For sinks, showers and tubs, the fix may be as simple as removing the strainer or stopper. Hair gets trapped in these areas, wrapping around stopper bottoms and clinging to strainer holes.
You can remove many stoppers by turning them with your fingertips. Others might need to be detached from the opener mechanism under the sink. For a strainer, remove any screws and gently pry it up with a flat-head screwdriver. Clean any hair and built-up gunk from the stopper or strainer and inside the drain opening.
Next, straighten a wire coat hanger and form a small hook at the end. Snake it down the drain pipe and wiggle it to clear any clogs. You can also buy a barbed plastic drain stick from the hardware store for the same purpose. Once you’ve broken up any clogs, rinse the drain with hot water and see if it flows freely.
If you have a stubborn clog, more drastic measures may be needed. For bathroom sinks, block any overflow holes with a wet rag. If the clog is in a double bowl kitchen sink, stop up the drain of the adjacent basin and clamp the flexible drain line under the sink to keep dirty water out of your dishwasher. Fill the sink with enough water to cover a plunger head, then push forcefully up and down on the plunger handle for about a minute, creating sufficient water pressure to dislodge the clog. Remove the plunger from the drain to see how it flows, and repeat the process if necessary.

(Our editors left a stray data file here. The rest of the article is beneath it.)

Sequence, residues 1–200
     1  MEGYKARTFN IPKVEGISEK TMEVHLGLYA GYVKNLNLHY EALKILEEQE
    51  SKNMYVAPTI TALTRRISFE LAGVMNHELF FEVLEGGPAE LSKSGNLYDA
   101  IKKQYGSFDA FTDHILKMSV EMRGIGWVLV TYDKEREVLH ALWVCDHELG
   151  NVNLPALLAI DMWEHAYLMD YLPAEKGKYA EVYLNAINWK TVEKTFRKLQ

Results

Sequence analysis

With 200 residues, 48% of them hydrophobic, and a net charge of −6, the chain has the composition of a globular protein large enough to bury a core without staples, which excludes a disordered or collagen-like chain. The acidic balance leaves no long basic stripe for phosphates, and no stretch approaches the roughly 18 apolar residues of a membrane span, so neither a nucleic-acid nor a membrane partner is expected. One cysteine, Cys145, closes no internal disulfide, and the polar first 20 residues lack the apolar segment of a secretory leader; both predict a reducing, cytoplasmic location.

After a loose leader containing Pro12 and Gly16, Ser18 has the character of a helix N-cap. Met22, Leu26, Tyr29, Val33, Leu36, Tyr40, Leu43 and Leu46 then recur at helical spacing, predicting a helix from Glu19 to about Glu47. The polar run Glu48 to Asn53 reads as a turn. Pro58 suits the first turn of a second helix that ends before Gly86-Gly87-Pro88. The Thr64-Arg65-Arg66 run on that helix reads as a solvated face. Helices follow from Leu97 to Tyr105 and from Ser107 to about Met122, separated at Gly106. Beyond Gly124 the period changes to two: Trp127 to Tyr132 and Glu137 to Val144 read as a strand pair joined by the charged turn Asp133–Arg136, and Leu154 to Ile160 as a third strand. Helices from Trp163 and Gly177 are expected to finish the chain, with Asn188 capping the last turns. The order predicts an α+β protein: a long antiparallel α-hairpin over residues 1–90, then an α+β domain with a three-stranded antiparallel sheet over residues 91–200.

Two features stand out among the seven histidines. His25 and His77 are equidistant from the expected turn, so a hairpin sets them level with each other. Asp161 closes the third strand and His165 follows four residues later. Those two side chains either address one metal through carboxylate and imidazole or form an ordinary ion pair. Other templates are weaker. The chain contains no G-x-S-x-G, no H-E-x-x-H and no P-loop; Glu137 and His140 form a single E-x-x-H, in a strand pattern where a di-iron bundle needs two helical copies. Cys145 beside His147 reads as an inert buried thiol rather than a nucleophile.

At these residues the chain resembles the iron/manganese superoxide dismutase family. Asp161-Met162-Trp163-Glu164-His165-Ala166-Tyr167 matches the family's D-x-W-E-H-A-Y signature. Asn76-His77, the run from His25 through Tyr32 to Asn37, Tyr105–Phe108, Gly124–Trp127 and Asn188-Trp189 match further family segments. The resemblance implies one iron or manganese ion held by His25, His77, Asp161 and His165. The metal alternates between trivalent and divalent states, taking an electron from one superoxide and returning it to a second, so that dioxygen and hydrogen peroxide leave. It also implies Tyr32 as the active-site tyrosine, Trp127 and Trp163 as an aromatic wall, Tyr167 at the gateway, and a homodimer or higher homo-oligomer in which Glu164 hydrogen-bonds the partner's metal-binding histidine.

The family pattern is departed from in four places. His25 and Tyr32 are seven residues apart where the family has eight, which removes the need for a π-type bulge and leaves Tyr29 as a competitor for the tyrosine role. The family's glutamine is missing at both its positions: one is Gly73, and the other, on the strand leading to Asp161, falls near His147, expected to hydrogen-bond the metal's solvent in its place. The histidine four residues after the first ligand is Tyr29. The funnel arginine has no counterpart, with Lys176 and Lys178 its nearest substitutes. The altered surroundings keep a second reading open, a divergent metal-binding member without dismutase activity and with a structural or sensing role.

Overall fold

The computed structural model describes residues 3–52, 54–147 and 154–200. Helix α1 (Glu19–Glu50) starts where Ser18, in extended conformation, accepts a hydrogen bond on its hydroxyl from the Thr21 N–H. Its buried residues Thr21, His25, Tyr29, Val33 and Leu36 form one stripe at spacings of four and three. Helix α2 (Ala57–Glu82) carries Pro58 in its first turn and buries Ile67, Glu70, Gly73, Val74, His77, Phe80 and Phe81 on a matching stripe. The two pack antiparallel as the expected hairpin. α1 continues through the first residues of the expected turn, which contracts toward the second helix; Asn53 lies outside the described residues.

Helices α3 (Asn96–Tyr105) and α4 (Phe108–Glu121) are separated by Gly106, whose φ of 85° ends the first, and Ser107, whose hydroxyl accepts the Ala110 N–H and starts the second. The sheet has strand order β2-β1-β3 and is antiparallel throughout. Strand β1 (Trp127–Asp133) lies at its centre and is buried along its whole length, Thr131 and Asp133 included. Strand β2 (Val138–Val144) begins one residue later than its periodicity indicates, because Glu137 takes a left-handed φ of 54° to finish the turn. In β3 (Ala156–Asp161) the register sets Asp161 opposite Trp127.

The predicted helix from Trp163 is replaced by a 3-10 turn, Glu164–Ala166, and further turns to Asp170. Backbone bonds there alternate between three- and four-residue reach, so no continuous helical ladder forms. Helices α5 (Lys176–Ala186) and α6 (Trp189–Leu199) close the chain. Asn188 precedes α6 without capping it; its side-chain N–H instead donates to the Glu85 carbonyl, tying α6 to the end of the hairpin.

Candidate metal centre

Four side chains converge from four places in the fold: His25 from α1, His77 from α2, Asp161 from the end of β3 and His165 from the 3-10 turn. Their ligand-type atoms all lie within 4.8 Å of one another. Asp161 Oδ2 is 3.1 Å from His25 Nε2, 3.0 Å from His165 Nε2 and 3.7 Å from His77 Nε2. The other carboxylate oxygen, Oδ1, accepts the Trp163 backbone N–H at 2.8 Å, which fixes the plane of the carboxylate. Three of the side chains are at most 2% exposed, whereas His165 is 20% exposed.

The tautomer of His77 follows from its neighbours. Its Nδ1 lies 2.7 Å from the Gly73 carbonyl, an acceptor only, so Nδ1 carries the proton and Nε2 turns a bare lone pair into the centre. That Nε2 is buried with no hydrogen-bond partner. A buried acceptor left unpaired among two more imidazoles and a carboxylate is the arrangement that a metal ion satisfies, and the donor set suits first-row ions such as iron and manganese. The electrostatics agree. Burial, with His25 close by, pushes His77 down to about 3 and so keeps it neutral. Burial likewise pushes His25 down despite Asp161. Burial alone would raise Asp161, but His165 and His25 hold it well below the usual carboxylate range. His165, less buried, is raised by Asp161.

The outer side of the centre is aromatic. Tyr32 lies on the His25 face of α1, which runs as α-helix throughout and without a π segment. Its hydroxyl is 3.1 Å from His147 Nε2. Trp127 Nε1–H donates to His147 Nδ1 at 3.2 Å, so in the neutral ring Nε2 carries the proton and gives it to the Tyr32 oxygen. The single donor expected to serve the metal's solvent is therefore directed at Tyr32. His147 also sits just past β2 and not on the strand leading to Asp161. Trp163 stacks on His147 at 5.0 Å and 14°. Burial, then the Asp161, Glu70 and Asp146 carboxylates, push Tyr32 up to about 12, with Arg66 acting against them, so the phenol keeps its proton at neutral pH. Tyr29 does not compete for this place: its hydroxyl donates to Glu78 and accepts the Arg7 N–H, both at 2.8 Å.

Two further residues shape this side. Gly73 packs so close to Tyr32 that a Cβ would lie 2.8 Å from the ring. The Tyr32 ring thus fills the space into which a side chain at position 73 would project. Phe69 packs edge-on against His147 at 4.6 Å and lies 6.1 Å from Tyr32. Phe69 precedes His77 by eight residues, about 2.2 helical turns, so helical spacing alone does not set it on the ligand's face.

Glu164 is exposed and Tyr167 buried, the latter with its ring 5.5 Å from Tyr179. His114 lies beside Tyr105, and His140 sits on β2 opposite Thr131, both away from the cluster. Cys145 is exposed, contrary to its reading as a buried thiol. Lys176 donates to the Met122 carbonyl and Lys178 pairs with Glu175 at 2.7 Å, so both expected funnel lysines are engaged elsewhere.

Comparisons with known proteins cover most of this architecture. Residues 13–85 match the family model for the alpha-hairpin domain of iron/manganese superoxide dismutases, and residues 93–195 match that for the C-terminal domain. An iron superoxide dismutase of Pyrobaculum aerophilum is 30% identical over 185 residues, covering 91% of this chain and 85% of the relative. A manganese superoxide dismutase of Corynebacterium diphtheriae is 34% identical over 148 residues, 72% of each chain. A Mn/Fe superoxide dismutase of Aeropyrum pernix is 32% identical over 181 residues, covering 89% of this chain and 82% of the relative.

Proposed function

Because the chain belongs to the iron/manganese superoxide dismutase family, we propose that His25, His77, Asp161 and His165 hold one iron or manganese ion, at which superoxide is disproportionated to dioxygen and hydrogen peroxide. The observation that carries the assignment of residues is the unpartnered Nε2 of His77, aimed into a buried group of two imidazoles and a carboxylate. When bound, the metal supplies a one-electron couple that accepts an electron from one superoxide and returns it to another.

When hard-to-reach grime buildup is slowing down your drain, the erupting-volcano combination of baking soda and vinegar can do the trick. First, flush the drain pipe with several cups of boiling water to loosen things up. Next, pour half a cup of baking soda down the drain, let it sit for five minutes and then add one cup of white vinegar. If you think grease is the culprit – which you should never put down the drain – rinse the drain several times with boiling water to melt down solidified fat.
With a little effort, you can run water down the drain without throwing your money down with it.